Air

Air pollution is not letting the world sleep well

American researchers find that increasing pollutants in ambient air causes sleep apnea

 
By DTE Staff
Last Updated: Monday 21 January 2019
Sleep apnea
Photo: Getty Images Photo: Getty Images

Air pollution, which kills 7 million people every year, is now not letting people sleep either. Its health effects have been talked about in detail, but its role in causing loss of sleep has been found by a new research published online in the Annals of the American Thoracic Society.

Researchers, in their study titled ‘The Association of Ambient Air Pollution with Sleep Apnea: The Multi-Ethnic Study of Atherosclerosis’, establish a link between obstructive sleep apnea and increases in two of the most common air pollutants: fine particulate pollution, known as PM2.5, and nitrogen dioxide (NO2), a traffic-related pollutant.

“Prior studies have shown that air pollution impacts lung and heart health, but only a few studies have looked at how air pollution might affect sleep,” said Martha E Billings, lead author of the study and associate professor of medicine at the University of Washington. “It seemed likely that air pollution was detrimental to sleep, given that air pollution causes upper airway irritation, swelling and congestion, and may also affect the parts of the brain and central nervous system that control breathing patterns and sleep.”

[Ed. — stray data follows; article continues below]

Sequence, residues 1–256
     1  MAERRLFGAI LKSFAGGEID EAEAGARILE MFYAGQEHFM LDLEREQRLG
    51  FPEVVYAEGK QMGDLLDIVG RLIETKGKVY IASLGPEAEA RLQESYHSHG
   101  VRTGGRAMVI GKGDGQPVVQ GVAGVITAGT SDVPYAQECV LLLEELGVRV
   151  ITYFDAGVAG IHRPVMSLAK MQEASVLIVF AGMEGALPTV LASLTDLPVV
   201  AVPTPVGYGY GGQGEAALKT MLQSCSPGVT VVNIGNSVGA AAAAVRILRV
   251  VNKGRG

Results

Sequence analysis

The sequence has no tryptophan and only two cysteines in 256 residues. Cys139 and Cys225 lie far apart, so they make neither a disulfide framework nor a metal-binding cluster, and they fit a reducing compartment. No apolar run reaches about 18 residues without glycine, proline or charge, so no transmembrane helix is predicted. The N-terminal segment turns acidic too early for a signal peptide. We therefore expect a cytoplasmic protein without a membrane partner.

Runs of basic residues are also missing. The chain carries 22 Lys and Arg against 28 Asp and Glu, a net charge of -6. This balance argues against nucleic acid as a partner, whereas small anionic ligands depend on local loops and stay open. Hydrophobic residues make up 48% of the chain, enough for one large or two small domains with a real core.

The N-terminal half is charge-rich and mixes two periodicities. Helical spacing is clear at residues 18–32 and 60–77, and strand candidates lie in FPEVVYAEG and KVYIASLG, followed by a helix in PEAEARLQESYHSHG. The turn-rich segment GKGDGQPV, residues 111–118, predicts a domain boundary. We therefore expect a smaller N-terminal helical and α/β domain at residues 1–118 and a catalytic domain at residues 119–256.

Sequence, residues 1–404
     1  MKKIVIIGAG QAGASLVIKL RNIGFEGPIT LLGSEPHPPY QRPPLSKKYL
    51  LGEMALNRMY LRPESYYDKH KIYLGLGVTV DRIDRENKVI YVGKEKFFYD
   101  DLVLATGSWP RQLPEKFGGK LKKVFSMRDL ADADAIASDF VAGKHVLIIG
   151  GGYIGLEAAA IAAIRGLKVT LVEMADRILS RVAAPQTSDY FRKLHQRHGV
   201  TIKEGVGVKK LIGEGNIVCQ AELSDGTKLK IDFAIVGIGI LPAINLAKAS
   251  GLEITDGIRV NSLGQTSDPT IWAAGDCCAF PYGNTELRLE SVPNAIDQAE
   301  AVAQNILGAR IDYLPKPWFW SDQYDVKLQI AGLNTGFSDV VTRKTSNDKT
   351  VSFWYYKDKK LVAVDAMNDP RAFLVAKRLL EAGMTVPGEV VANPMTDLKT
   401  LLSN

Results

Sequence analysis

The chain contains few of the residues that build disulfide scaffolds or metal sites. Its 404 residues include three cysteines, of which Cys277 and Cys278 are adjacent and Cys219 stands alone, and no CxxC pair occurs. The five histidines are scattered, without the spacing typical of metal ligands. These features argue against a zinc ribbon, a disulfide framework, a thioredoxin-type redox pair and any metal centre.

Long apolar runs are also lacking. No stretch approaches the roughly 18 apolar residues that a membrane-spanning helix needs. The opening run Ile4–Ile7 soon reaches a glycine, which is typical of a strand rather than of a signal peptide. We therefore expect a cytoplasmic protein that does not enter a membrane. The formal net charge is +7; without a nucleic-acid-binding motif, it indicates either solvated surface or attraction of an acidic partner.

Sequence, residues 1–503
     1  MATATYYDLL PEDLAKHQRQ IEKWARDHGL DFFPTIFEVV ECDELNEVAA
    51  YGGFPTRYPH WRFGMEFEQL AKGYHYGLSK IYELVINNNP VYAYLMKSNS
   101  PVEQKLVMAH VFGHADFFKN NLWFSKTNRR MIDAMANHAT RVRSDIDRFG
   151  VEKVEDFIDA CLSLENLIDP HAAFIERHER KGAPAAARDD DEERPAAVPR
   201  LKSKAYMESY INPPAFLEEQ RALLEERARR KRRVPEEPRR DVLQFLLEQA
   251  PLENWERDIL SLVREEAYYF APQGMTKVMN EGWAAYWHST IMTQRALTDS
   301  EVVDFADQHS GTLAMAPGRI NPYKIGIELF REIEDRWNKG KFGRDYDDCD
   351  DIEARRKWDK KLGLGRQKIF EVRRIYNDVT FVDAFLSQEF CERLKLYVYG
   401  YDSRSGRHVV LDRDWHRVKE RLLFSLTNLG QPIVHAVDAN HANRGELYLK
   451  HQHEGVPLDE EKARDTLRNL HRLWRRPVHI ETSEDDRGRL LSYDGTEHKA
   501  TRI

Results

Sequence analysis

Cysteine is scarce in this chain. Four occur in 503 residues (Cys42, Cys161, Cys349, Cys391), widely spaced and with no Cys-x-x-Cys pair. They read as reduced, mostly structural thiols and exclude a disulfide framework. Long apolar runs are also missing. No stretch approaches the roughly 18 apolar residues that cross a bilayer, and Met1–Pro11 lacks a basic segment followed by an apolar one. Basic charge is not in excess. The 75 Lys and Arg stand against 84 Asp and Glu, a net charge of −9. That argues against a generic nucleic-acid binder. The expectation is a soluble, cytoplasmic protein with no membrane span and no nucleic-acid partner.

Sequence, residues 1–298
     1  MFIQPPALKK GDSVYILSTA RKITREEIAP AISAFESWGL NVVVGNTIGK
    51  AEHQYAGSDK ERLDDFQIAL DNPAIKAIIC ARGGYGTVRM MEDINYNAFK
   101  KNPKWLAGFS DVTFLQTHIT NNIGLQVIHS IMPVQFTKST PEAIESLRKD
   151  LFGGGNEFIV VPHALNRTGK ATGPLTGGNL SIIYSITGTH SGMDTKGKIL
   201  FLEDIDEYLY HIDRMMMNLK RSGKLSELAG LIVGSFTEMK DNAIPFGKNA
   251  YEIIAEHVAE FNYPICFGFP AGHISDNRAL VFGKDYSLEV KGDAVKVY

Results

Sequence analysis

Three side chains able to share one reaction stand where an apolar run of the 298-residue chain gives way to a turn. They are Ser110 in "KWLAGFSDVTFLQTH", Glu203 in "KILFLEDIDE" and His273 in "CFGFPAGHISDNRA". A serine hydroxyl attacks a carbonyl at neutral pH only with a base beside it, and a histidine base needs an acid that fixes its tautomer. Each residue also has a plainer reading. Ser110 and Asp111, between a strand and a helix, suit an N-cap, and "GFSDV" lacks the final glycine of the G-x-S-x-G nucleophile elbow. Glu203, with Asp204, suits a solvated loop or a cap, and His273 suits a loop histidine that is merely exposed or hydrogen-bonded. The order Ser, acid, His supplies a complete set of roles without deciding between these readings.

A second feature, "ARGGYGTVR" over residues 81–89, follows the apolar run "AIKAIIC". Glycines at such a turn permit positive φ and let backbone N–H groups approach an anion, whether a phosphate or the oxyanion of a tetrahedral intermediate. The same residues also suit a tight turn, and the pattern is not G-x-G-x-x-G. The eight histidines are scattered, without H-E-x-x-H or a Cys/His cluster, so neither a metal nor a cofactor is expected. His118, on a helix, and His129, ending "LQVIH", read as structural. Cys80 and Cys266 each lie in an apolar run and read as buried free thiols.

As many as 1,974 participants, with an average age of 68, from multi-ethnic groups were studied: 36 per cent were white, 28 per cent black, 24 per cent Hispanic and 12 per cent Asian. Nearly half (48 per cent) of them had sleep apnea, which is a sleep disorder in which breathing repeatedly stops and starts.

The researchers then estimated pollution levels around each participant’s home using air pollution measurements gathered from hundreds of Multi-Ethnic Study of Atherosclerosis (MESA) monitoring sites in six US cities, local environment features and sophisticated statistical tools.

The study found a participant’s odds of having sleep apnea increased by 60 per cent for each 5 micrograms per cubic meter (μg/m3) increase in yearly PM5 exposure and 39 per cent for each 10 parts per billion increase in yearly NO2.

Since the study was not a randomised, controlled trial, it cannot prove a cause and effect relationship between air pollution and sleep apnea. Also, the researchers said they could not adjust their findings for noise and light pollution, which may affect sleep.

Summing up their findings, the authors wrote that air quality improvements may have an unrecognised benefit: better sleep health. “While prior studies have largely focused on individual risk factors for sleep apnea,” the researchers said that their data “suggest environmental features also contribute to the variation of sleep disorders across groups.”

This connection, they added, “has implications for regulatory standards, public health, environmental justice and health disparities, as higher levels of air pollution are more prevalent in poor, urban areas as seen in this MESA cohort.”

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